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Monday 24 September 2018
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Why doctors need better support on returning from maternity leave

Striking off Dr Bawa-Garba missed the point. It was the system that failed – and it puts other doctors returning from maternity leave at risk, says Dr Anita Sharma

The primary care landscape is changing so fast. a period of absence can leave you struggling to know how things work. There can be differences in making an appointment, referring for investigations, accessing pathology labs, electronic prescriptions; the list goes on and on.

These things matter – to us and to our colleagues in secondary care, who also face enormous challenges. Six-year-old Jack Adcock died after being treated by a doctor returning from long leave who had to cover the work of three doctors. There was no registrar and no consultant onsite and the hospital computer system failed. Perhaps if Dr Hazida Bawa-Garba had been reintroduced to her workplace with preparation and support, things might have been different.

We spend vast sums of NHS money on inquiries into patient deaths – and we create false hope for bereaved relatives that this won’t happen again. We are simply moving the deckchairs on the Titanic. Instead, we need to make sure we have separated the learning and the blaming processes.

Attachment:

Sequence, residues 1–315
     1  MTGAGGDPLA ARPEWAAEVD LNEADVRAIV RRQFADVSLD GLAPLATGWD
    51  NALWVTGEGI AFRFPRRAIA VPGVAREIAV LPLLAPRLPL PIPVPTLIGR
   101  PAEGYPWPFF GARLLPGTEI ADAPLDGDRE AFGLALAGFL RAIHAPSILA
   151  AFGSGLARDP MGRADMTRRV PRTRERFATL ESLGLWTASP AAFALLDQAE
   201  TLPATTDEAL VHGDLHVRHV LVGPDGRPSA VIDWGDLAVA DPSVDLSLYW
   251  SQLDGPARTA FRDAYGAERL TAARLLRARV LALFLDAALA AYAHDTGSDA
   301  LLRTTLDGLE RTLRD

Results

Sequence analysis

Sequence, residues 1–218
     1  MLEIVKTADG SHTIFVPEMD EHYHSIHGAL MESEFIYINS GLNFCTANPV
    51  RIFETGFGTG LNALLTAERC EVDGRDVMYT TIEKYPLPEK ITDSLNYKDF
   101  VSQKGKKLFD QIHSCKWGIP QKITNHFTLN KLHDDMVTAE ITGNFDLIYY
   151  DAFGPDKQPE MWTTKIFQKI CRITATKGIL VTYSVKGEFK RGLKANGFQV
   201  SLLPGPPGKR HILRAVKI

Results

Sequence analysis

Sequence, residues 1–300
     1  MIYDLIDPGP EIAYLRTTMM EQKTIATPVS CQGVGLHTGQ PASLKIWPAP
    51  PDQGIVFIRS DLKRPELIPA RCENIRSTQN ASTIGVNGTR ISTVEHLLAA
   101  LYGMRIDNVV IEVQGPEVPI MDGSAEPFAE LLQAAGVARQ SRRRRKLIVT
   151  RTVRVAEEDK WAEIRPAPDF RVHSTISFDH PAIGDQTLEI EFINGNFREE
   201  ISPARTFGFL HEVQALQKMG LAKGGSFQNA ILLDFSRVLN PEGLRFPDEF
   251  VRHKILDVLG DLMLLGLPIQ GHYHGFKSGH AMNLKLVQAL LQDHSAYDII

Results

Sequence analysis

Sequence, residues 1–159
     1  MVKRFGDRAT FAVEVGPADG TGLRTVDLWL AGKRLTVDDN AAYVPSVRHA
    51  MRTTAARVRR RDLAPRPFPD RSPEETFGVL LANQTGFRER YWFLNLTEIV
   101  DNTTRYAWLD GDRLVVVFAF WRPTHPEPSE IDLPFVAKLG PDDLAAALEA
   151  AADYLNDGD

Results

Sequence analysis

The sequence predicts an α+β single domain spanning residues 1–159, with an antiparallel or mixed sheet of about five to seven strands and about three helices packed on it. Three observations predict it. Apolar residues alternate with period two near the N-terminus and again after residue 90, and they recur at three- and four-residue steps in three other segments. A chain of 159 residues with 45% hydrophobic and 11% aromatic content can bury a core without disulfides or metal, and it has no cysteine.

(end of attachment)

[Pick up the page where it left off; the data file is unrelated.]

We must tackle the problematic working environments, insufficient training and support for clinicians. A climate in which many doctors feel vulnerable is when they come back to work after maternity leave with no support or colleagues to provide a safe care. Anything from safeguarding to palliative care drugs, the pharmacist in charge to how information is forwarded to out of hours can be different.

I offer keep in touch (KIT) days to my staff on maternity leave so they can get used to system changes. Women are entitled to up to ten days, as long as they are eligible for statutory maternity pay, regardless of the number of hours they work.

But KIT days aren’t often available for doctors. After the Dr Bawa-Garba case, I know most female GPs on maternity leave may be deeply worried and uncertain about coming back to the surgery.

Can it be safe for GPs returning to work to spend just ten minutes with patients with complex co-morbidity? With four or more problems, changes in EMIS, docman, pathology labs and electronic prescribing? Certainly not! KIT for doctors should be a priority for safe patient care and the British Medical Association (BMA) must support this.

Dr Anita Sharma is a GP and Clinical Director, Vascular, at Oldham CCG